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I did try the search function and if this question has been asked and answered before, I could not find it!

I hope to get a RWD Giulia Ti with either the 18" or 19" sport package sometime by the end of summer. I was able to drive a car with the 19" sport package and was surprised by how good the ride quality was, and of course the handling is fantastic.

Unfortunately the dealer does not have a RWD car with the 18" sport package in stock, and won't until he locates one for me so my chance to test drive one does not look good. Usually I would go for the smaller wheels because of the ride and because the handling feels nimbler, but the way the 19" wheels felt has given me second thoughts. Has anyone driven both the 18" and 19" sport packages in the RWD Giulia Ti, and if so could you feel much difference? I am having trouble finding a car I like with the 19s, but found an 18" example that might work.
 

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not answering your question but I have the Q4 with 18"'s and Eagle f1's and it has excellent handling on and off the track. Hope that helps you make your decision :)
 

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I have a Ti with the 19" Sports package. As you know from test driving one, it drives great. In my opinion, I think the 19" 5-hole wheels are much better looking than those that come with the 18" spots package. So, keep that in mind, that the wheels are not the same style.
 

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2017 Alfa Romeo Giulia Quadrifoglio
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You should feel a difference between both as the 18 inch would have less rotational mass vs the 19. It may offer a slight increase in throttle and brake response. However, there is no question, the 19 inch 5 hole is the better looker. The rims are just gorgeous!
 

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Took my initial test drive when these beauties first became available for sale here in El Paso on April 6, 2017. That was a Q2 TI with 19" wheels. However, I put a down payment on a Q4 with 18" wheels. I did this not because I minded the 19" wheels, but because the 18" model was the next production car allocated to our dealer that was to our liking.

My Q4 only having arrived last Thursday (6 days ago), I haven't driven aggressively in it yet, but I've got almost 400 miles on it now.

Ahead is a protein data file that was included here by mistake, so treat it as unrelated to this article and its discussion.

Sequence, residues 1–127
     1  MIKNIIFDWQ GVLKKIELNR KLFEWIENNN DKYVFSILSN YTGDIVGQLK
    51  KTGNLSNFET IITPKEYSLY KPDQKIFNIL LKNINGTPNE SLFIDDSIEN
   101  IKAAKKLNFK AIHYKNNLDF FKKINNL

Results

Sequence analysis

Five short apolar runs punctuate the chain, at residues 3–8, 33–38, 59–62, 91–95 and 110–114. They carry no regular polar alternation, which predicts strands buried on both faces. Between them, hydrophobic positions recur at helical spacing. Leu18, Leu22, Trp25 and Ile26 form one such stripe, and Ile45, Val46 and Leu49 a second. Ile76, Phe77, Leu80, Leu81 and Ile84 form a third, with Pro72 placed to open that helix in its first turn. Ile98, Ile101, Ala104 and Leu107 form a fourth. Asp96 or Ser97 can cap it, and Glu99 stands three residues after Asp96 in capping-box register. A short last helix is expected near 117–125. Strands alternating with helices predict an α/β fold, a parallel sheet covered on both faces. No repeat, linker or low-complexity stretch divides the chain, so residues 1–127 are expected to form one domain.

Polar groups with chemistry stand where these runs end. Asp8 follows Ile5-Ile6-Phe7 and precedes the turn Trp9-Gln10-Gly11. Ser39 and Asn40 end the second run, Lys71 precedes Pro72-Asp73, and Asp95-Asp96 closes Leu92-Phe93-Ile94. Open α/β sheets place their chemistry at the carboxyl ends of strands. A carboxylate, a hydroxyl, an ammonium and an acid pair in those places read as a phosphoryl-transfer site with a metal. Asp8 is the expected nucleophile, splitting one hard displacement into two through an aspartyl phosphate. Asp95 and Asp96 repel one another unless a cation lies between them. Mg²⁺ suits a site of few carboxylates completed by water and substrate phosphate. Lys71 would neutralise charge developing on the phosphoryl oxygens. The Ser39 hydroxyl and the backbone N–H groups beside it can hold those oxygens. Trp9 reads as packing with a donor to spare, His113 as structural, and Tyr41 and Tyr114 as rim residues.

My impressions: based on "normal" city and highway driving, I don't see much of a difference in ride comfort at all between the two wheels. I don't perceive much difference in handling either,
though I am thinking more aggressive driving may reveal differences in handling.

Having said that, I echo others' statements that the run-flats are probably the first thing I'll replace. I think better handling can be achieved with another choice of tires.
 

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I did try the search function and if this question has been asked and answered before, I could not find it!

I hope to get a RWD Giulia Ti with either the 18" or 19" sport package sometime by the end of summer. I was able to drive a car with the 19" sport package and was surprised by how good the ride quality was, and of course the handling is fantastic.

Unfortunately the dealer does not have a RWD car with the 18" sport package in stock, and won't until he locates one for me so my chance to test drive one does not look good. Usually I would go for the smaller wheels because of the ride and because the handling feels nimbler, but the way the 19" wheels felt has given me second thoughts. Has anyone driven both the 18" and 19" sport packages in the RWD Giulia Ti, and if so could you feel much difference? I am having trouble finding a car I like with the 19s, but found an 18" example that might work.
I have a Ti Q2. It came with 18x8 wheels. I put on four 19x9 wheels (dark 5-hole) with 255/35x19 tires. It rides fine. I only have about 60 miles on the new wheels though. I think one of my front tires rubbed a bit on a bump though :( But it looks so good, the wheel wells are filled out perfect.